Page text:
The most prominent episode from the history of the USA is the formation of the state itself.
The growing independence and economic strength of colonies disturbed Great Britain. The colonies were viewed as a source of raw materials and a market for England alone.
After the Seven Years’ War (1756—1763) the British Government increased its pressure on the colonies and put all pos?sible obstacles in the way of their independent industrial development and trade. It imposed new taxes and duties, which affected the interests of the colonists. As a result in Philadelphia in 1774 merchants, ship-owners, lawyers and others revolted and decided to stop trade with Britain and boycott the British goods.
A prologue to the War for Independence in the North America was the “Boston tea-party” (1773), as it was called. The British Government granted the East India Company the right of tax-free export of tea to the colonies. It caused indignation among the colonists, and especially the merchants involved in the sale of tea. In December 1773 a group of members of the organization called the “Sons of Liberty” boarded the British ships in the port of Boston and dumped the whole cargo of tea into the harbour.
Soon after that the port was closed, all kinds of public gatherings were prohibited. All these measures further sharpened the conflict between Great Britain and the colonies.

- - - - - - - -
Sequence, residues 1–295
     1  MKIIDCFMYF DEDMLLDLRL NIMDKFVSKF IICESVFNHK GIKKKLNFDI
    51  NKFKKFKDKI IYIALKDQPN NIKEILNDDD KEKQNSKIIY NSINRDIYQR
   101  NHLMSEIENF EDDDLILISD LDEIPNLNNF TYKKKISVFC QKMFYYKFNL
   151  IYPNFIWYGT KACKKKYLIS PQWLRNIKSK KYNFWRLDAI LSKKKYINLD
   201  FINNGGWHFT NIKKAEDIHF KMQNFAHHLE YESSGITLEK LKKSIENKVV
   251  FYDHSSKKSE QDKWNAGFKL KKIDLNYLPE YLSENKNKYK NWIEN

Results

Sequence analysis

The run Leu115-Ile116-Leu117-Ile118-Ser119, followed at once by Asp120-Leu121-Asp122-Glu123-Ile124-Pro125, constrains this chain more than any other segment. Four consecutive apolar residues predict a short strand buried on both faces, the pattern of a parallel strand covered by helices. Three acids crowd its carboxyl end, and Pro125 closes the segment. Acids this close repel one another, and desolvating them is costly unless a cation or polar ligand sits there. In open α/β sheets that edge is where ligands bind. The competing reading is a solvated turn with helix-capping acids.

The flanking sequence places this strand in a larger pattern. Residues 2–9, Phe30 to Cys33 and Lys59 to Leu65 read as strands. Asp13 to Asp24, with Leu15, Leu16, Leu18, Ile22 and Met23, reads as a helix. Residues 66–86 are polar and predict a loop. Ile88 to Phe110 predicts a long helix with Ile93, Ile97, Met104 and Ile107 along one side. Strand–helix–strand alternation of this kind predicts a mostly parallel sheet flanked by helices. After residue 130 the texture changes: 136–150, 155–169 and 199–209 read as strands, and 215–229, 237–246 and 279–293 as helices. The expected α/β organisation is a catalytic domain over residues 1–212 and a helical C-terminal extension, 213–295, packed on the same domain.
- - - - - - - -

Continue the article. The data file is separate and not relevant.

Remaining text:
The War for Independence of the American colonies began with a battle of colonists against British troops in April 1775 at Concord and at Lensington not far from Boston.
On July 4, 1776, the Continental Congress declared the united colonies to be independent of Great Britain. The new state was called the United States of America and the 4th of July became its national holiday. The Congress adopted the Declaration of Independence proclaiming the equality of all people.
Thomas Jefferson, a follower of the British philosophers, was the author of the Declaration.
The battle at Saratoga (1777), when the Americans forced a large British army to capitulate, was a turning point in the long, hard War for Independence. The Americans were supported by France.
In 1783 Britain finally and formally recognized American independence. George Washington was elected the first president of the new republic. Later on his name was given to the capital which was built in the federal District of Columbia.
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